“Not too long before we can get as many of them 3-D printed.”
That pretty much sums up Josh Winslow’s feelings about classic artifacts. As a man of science and technology, he couldn’t care less about old bronze idols. Unfortunately, his brother Tom has just made one such idol his problem.
Vidya Thyagarajan, a young banker from Chennai, didn't expect to chase the origins of old idols either. But her friend Tom has just entangled her in one such chase.
Along with Vidya, Josh reluctantly embarks on a journey to India to track the origins of a Chola bronze idol. Through the urban maze of Chennai, dusty roads of small towns in deep Chola territory, they discover clues that confounds them every step of the way.More info →
Welcome to the world of fear, betrayal and suspense...
In ‘The fear factor’, read to know what happens to Neha who is lost in the jungle on a dark, treacherous night, with a predator on her trail.
In ‘The Game’, four friends play Truth or Dare, until it takes a dangerous twist. Their quest for fun and adventure leads them to a night of dread and horror.
Who is the little boy who comes knocking at Maggie’s door on a cold night? Is it only a little boy or is it ‘Death Calling’?
In ‘Strangers’, Richard knocks at an unknown house to escape the fury of a storm blowing outside, unaware of the silent storm brewing inside that could change his life forever.
In ‘The Truth’, Joseph witnesses a girl falling to her death. After a few months, he sees her again. Was she for real or was his mind playing games with him?More info →
This is the tale of a 16th century county [mahal], consisting of 66 villages, each palying its own part in the history of the region and feeding Goa. In the process it developed a good harbour, an emporium-port, early in its times, and helped Goa establish trade contacts with East and West, which brought glazed ceramics and silks from distant Cathay, exotic Port wine from Europe to quench the lips of an Indian sadhu, printed a Marathi-Konkani classic book Crista Purana, for literature-thirsty people, helped miscegenation of Westerners with Indians, provided neighbouring kingdoms with secretaries and finally brought a new art and architecture to commingle with the artistry of the region.
The Result: an intercontinental cross-culture.
Ali Ahmed continues his engagement with the themes of his previous two books, On War in South Asia and On Peace in South Asia (both CinnamonTeal 2014), specifically on issues related to India's strategic, military and nuclear doctrines. He takes his discussion of a Limited Nuclear War, broached in his book India's Doctrine Puzzle: Limiting War in South Asia (Routledge 2014) further.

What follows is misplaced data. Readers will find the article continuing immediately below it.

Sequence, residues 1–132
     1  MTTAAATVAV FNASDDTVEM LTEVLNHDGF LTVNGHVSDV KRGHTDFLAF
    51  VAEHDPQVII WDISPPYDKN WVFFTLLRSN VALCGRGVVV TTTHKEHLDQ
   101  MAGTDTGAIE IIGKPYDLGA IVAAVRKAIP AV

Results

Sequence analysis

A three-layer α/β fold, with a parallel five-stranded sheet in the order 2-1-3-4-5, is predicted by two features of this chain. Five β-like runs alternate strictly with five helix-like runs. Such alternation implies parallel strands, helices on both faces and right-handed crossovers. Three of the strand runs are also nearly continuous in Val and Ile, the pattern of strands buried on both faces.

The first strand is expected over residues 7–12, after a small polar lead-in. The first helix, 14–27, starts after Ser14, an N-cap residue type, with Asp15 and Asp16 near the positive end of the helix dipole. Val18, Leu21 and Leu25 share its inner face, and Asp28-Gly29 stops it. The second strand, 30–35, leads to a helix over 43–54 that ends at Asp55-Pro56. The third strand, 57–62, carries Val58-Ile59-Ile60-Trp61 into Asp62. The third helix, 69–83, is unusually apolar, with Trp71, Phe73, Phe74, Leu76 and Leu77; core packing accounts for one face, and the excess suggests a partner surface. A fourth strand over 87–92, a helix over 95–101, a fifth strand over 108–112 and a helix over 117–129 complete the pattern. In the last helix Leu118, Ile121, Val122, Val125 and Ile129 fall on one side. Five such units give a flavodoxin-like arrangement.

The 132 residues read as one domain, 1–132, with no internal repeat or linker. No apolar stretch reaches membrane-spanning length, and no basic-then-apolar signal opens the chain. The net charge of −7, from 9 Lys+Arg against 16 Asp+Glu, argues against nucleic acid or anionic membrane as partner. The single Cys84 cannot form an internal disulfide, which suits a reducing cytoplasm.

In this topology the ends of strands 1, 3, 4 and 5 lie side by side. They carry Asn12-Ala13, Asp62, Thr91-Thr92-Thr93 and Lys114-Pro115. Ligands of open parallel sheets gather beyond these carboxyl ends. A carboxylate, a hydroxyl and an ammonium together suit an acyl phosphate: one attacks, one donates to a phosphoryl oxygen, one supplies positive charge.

The book comprises of commentaries by Firdaus Ahmed over the last few years. These articles, which largely deal with South Asian security issues, have appeared throughout 2014-15 in various respected publications such as indiatogether.org, Kashmir Times and the Milli Gazette.
Collectively they make the case that South Asia is 'one' and should come to be seen as such. The security of its states and people is intertwined. South Asian states should move towards a South Asian union. The articles make this case obliquely in covering issues in Indian security, and point to how these overlap borders. Some themes dealt with in the book - India-Pakistan relations, Kashmir, India's Muslims and the rise of religious extremism - clearly show that most problems lend themselves only to a South Asian, rather than national, solution.
The book continues engaging with the issues addressed in Firdaus Ahmed's two earlier books, Think South Asia and Subcontinental Musings (both CinnamonTeal 2014).
The choice of writers, the themes and the styles represented in this volume tell us something about Srinivas Rayaprol himself, about the mind of the creative writer-cum-translator at work. The selected texts cover a range of themes concerning man-woman relationships, women's desires, the plight of single women, the functioning of bureaucrats and politicians, among others. One cannot miss out on the preoccupation with death in many stories, nor can one ignore the ironic twist in the conclusions of some of them. The choices also seem to suggest an inclination for the unusual, rather than run-of-the-mill stories, both in terms of theme and style. The final selection of the stories seems to be purely personal. The order in which the stories have been presented too seems unique, for it defies chronology.
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A modern girl with traditional conscience, Shayna is happily married to the loving, caring and picture perfect owner of a high-flying business empire. Her life is torn apart when she realizes her dark secret holds the only cure for her first love. Would she give up everything to see him walk again?
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It’s a hardcore and sad fact that more than one-third of the millions that graduate in our country each year are unemployable. A survey across the country has found a majority of graduates lacked adequate "soft skills" to be employed in the industry. Lack of communication skills lands Indian students in low paid jobs.